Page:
Continuing from his earlier work, the central figure here is a fully realised being, wired into the computer with its reach extending far beyond its plastic casing. No longer limited by flesh and blood and bones, he is reborn, levitating above earthly concerns. Once again the character is drawn from Anirudh’s being, his notebook breaking the proverbial 4th wall to appear as itself. The vertical dashes complete the transformation, appearing as he attains nirvana, finally a being above the terrestrial.
Reflecting his position when the prompt was announced, Anirudh used this to experiment with the storytelling abilities of objects around him. Beginning with the oddly shaped container he weaves a sci-fi inspired tale, of a time traveller, stuck with a finger in this dimension, clawing to get into the ship moving through space. His fascination for Indian mythology also led him to read the final images as the origin story of Ganesh, the brassy hook transforming into the elephant-headed god’s trunk as his emerges fully formed from his mother’s bathing pond.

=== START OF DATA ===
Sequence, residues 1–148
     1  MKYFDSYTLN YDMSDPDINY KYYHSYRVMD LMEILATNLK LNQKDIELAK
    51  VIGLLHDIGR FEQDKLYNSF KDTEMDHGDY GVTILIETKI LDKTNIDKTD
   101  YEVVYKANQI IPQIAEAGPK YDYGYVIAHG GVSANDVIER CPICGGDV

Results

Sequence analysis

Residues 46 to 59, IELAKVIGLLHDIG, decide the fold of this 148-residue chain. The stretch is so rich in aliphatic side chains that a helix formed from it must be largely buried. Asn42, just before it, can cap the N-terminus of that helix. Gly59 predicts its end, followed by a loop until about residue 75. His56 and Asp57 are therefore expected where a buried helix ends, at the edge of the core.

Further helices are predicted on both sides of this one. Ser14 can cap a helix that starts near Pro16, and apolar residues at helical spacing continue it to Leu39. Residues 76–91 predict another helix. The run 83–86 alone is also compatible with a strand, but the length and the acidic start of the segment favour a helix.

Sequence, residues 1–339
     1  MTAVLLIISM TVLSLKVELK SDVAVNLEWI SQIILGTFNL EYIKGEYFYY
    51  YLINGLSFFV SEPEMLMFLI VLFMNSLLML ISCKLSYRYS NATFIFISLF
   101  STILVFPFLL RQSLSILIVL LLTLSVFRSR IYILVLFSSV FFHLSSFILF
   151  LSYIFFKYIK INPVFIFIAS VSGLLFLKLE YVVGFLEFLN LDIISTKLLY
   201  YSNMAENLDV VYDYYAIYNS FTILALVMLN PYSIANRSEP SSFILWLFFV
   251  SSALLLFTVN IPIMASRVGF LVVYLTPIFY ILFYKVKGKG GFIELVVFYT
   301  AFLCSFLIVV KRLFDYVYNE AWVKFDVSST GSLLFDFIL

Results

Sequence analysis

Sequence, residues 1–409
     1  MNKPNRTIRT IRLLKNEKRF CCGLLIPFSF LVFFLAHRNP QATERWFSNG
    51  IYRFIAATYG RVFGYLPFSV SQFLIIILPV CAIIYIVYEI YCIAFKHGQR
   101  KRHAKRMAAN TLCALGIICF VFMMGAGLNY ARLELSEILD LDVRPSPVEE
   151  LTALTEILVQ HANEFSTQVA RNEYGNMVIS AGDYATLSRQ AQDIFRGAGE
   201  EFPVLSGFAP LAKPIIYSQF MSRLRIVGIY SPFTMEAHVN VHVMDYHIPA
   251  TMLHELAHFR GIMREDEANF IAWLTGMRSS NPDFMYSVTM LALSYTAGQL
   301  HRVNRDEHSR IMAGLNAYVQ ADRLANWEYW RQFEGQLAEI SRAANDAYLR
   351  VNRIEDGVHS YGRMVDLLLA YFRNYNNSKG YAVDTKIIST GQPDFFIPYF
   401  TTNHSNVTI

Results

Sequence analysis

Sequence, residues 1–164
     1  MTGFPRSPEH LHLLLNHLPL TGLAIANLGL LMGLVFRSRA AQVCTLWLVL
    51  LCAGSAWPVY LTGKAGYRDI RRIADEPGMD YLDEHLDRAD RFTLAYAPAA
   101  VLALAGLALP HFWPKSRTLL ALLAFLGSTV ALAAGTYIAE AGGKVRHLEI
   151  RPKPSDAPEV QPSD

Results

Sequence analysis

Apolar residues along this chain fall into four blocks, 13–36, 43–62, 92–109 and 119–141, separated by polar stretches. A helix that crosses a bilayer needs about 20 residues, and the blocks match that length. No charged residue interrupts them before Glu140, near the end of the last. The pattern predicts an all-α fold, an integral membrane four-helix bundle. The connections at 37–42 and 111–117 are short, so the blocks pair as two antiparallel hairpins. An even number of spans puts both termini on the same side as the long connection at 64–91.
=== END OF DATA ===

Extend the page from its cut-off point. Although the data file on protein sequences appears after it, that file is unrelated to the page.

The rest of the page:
As a student, Anirudh is on the cusp of figuring out where his passion will take him. His fascination with the styles and stories found in the works of Mukesh Singh, Kim Jung Gi and the Amar Chitra Katha series, have pushed him to develop a deep understanding of human anatomy, a skill he puts to great use in his drawings. The overwhelming need of educational institutions to pigeonhole students into “illustrator” or “artist” notwithstanding, he is choosing a path that seems to veer to the fantastical. The lockdown and its allied challenges, have inspired Anirudh to reach out of his comfort zone, to create self-effacing works, that while drawing heavily from his own life preface a universal experience of being in thrall to the interconnected web. And yet far from being dystopian, his sci-fi inspired drawings borrow from the great myths; the moral like a good seed, emerging from the destruction.